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Forensic workers examine the scene where a bus driver was allegedly killed by a self-styled "huntress" in Ciudad Juarez, Mexico.Raymundo Ruiz/AP
CIUDAD JUAREZ, Mexico — A woman wearing a blond wig boarded a downtown bus on Aug. 28, pulled out a .38-caliber handgun and killed the driver at point-blank range. The citizens of Juarez were largely unfazed by the news.
Slightly larger than San Diego, Juarez has experienced extraordinary levels of crime and violence in recent years — more than 3,000 homicides in 2010, for instance. Besides, bus drivers aren't well liked here. They're viewed as, at best, low class, aggressive and irresponsible, at worst as predators and rapists because of the number of assaults experienced by women and girls on late-night routes.
But the following morning, when the blond assassin boarded a bus in a different part of the city and again shot the driver execution style, people took notice. Local criminologist Oscar Maynez, a professor at the National Autonomous University of Ciudad Juarez, said, "It was floating in the air that these bus drivers had committed sexual aggression, and she was taking revenge."
Toward the end of the last decade, Juarez became ground zero for Mexico's largest and deadliest drug war. Though residents remain guarded, there's a collective sense that maybe the worst is finally over. Local and state governments are desperately pitching the case that Juarez is back, and people have returned to the streets. But while the drug war has stabilized, the conditions that made the city an inferno are still there: economic inequality, environmental degradation, corrupt police and judges, poor quality of life, limited opportunities for a growing youth population.
And violence against women.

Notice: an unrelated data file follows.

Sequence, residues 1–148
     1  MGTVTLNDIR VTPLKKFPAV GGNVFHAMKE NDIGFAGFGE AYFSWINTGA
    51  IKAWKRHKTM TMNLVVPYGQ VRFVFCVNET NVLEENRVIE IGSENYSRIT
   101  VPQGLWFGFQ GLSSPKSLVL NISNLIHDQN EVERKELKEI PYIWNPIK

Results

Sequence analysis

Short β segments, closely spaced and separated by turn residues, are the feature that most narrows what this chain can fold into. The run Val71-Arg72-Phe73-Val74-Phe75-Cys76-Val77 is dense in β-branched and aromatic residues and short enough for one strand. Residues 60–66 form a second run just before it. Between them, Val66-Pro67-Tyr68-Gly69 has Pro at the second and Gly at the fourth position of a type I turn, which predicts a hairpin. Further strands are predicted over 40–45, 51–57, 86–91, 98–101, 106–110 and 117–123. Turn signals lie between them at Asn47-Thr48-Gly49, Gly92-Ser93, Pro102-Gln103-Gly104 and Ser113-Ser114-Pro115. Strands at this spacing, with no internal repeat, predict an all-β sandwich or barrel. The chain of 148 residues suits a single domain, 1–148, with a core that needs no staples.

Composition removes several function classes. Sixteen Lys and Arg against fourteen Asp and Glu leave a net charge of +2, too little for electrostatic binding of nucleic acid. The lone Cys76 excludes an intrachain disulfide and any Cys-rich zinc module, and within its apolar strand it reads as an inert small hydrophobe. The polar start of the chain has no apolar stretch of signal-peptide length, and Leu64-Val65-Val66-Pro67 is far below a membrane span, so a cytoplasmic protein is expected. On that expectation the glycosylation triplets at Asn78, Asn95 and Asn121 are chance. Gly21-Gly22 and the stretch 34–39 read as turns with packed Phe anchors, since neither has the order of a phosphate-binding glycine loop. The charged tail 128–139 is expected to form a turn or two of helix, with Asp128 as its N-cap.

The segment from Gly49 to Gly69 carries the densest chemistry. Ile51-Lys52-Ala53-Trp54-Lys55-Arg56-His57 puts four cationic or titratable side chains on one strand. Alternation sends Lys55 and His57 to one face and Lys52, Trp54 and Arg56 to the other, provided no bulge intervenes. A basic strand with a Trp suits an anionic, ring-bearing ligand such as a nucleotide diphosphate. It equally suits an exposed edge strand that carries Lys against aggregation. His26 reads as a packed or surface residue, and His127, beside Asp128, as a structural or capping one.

While the number of murdered or missing women varies widely depending on who’s counting, the attorney general's office for the state of Chihuahua, where Juarez is located, reported that through mid-August, 33 Juarez women were reported missing this year. Two more were found dead a month or more after first being reported missing. The office has no information on whether another 25 women reported missing have been found dead or alive, so according to Mesa de Mujeres, a network of social organizations that serve the women of Juarez, those women are presumably still missing. More than 60 percent of the disappeared are between 14 and 18 years of age.
Even though many people know what we suffer, no one defends us or does anything to protect us.
Diana, the huntress of bus drivers
The morning after the second bus driver's murder, an email sent to La Polaka, an online news site, seemed to confirm many people's suspicions. Its author claimed responsibility for the killings as an act of vengeance on behalf of the women of Juarez for sexual attacks by bus drivers.
"Even though many people know what we suffer, no one defends us or does anything to protect us," the letter read in Spanish. "Therefore, I am an instrument to avenge several women who appear weak, but in reality we are brave."